November 5, 2014
Guest: Eric Lichtblau
TERRY GROSS, HOST: This is FRESH AIR. I'm Terry Gross. Back in the early '70s, New York Congresswoman Elizabeth Holtzman got a confidential tip that American immigration authorities knew of dozens of former Nazis - some implicated in serious war crimes - who were living in America. Holtzman discovered that it was true and that the Immigration And Naturalization Service wasn't doing much about it.
Our guest, investigative reporter Eric Lichtblau says that was just the tip of the iceberg. In his new book, Lichtblau reports that thousands of Nazis managed to settle in the U.S. after World War II, often with the direct assistance of American intelligence officials who saw them as potential spies and informants in the Cold War against the Soviet Union. Lichtblau also discovered some disturbing things about the Allies' management of liberated concentration camps after the war and the difficulties survivors faced. Eric Lichtblau is an investigative reporter for The New York Times. In 2006, he won a Pulitzer Prize with James Risen for their stories on the NSA's secret surveillance of American citizens. Lichtblau spoke with FRESH AIR contributor Dave Davies about his new book "The Nazis Next Door: How America Became A Safe Haven For Hitler's Men."
DAVE DAVIES, HOST: Well, Eric Lichtblau, welcome back to FRESH AIR.
ERIC LICHTBLAU: Thank you. Great to be here.
DAVIES: You know, there's one thing that you write about early in the book - and this may be well known to historians - but it was shocking to me. And this involves what happened in the concentration camp after they were liberated by Allied armies. You know, we picture these starved, sick, traumatized survivors being treated well and given assistance and freedom. The picture you describe is very different. Tell us about that.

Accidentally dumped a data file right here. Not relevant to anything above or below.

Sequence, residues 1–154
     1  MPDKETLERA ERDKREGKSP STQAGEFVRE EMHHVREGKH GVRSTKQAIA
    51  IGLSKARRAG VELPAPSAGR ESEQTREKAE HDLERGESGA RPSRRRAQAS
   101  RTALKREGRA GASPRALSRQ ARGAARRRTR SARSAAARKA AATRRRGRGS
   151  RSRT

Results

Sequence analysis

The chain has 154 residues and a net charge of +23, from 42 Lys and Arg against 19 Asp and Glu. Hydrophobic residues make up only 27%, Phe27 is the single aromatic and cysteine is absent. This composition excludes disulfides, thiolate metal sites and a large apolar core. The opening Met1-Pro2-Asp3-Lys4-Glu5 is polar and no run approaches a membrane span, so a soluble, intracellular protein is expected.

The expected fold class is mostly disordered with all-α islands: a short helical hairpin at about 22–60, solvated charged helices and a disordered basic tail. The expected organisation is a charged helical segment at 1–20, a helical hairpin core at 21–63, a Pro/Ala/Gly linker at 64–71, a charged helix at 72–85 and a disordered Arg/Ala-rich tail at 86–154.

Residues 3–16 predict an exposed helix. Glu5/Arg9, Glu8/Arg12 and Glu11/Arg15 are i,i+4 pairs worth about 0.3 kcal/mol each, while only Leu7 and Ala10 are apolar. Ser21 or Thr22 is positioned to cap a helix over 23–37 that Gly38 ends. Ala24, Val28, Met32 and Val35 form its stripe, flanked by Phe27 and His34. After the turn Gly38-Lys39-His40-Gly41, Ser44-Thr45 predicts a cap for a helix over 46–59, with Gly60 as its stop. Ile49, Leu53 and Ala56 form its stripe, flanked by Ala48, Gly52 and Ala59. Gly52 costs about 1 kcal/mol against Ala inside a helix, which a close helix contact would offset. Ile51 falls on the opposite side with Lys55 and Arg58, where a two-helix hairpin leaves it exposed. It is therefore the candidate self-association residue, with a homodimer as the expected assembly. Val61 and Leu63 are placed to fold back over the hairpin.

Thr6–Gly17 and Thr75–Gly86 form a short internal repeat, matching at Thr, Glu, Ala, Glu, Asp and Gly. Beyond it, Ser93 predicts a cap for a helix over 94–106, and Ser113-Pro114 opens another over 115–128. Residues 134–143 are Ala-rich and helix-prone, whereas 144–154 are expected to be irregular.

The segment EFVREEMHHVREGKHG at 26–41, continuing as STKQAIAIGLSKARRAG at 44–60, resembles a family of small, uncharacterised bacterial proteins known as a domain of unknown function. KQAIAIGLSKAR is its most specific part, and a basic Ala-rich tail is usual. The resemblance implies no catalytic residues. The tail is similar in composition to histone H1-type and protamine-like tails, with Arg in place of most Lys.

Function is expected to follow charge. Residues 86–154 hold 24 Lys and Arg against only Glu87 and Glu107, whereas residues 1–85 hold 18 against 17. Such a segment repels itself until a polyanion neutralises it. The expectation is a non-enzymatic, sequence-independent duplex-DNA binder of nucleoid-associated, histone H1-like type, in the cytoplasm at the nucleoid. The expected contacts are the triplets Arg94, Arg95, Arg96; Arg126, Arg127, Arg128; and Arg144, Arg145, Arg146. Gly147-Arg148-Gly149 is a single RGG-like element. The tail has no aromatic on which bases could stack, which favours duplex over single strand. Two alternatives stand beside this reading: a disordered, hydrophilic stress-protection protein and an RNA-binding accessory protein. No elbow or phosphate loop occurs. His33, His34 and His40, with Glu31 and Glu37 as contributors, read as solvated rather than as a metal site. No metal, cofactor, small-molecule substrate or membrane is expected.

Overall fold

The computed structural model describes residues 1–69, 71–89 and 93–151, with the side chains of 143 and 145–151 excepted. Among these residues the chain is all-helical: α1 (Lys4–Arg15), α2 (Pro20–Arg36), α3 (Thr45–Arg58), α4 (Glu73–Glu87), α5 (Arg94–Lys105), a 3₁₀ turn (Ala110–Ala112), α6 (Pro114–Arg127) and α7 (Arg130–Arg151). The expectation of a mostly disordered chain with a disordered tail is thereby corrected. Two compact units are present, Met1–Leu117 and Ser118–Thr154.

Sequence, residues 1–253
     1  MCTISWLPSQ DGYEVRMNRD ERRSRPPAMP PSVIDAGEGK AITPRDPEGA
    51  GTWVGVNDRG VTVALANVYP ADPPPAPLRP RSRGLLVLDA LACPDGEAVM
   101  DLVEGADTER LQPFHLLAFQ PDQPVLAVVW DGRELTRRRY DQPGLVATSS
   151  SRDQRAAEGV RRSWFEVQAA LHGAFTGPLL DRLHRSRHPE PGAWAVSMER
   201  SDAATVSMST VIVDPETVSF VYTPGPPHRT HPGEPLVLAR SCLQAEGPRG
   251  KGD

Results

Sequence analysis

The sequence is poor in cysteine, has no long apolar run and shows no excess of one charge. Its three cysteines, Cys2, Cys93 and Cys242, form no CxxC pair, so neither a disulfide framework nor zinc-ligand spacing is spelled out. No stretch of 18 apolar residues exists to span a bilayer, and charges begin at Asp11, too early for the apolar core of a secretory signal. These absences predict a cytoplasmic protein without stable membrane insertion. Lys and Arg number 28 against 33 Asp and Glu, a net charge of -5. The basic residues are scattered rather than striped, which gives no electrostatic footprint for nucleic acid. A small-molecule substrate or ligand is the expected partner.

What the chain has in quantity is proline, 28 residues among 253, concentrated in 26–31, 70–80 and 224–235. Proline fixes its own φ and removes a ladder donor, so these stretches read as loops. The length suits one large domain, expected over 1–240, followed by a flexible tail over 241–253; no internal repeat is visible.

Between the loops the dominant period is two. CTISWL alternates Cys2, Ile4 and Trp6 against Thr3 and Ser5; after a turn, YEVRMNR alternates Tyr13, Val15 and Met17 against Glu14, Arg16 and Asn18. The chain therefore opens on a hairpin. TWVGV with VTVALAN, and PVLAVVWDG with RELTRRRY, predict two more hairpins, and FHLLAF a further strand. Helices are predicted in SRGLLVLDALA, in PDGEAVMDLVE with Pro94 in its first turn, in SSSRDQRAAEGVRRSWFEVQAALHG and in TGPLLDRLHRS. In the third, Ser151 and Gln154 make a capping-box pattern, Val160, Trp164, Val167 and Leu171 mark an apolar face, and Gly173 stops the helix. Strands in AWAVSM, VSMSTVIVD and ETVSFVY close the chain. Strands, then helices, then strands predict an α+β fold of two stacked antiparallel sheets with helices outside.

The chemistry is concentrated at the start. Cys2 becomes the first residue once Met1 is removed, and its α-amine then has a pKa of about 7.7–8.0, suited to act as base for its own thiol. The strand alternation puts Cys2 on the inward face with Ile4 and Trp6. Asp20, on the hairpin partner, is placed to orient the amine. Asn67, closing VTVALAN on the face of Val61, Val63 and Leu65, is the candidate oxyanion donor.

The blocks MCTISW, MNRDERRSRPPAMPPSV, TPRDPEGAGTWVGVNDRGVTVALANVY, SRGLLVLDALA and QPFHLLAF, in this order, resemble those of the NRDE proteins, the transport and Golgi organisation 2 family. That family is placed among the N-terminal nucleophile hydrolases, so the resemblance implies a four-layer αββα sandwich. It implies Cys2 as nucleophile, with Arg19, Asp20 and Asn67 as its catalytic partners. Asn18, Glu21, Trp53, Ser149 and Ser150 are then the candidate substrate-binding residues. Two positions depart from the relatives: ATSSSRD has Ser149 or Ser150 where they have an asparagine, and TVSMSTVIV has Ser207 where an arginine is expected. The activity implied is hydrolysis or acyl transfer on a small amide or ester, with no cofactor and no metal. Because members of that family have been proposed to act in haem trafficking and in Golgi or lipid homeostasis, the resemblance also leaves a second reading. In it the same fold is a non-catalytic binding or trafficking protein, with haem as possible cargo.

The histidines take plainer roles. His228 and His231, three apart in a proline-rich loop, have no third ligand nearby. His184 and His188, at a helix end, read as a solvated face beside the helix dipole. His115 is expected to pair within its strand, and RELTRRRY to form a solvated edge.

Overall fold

LICHTBLAU: Yeah. It was shocking to me as well to find that even after the liberation of the camps, they were still prisoners. They were kept under armed guard. They were kept behind barbed wire. They were bunked with Nazi POWs. In some cases, believe it or not, the Nazis still lorded over them while the Allied ruled the camp. And when I started researching the book, this was a book about the Nazis who fled to America. I really had no intention of looking at the survivors. It seems sort of irrelevant to what I was doing. And then the more I got into it and the more horrified I was by the conditions that the survivors lived in - where you had thousands and thousands of people dying even after the liberation of disease and malnutrition - I realized that it was relevant to the story because as easy as it was for the Nazis to get into America, it was just as horribly difficult for the Jews and the other survivors to get out of the camps. And it took them months - and in some cases a couple of years - to get out of these displaced person camps. And it made me realize that the liberation that, you know, I had learned about years ago was in some sense sort of a mockery.
DAVIES: So we're talking about loose survivors living for weeks or months in these horrifically crowded, squalid barracks and the American army, which obviously was not prepared for this kind of a humanitarian crisis...
DAVIES: ...Turned to the people who know how to run things. And they were the Nazis in a lot of cases.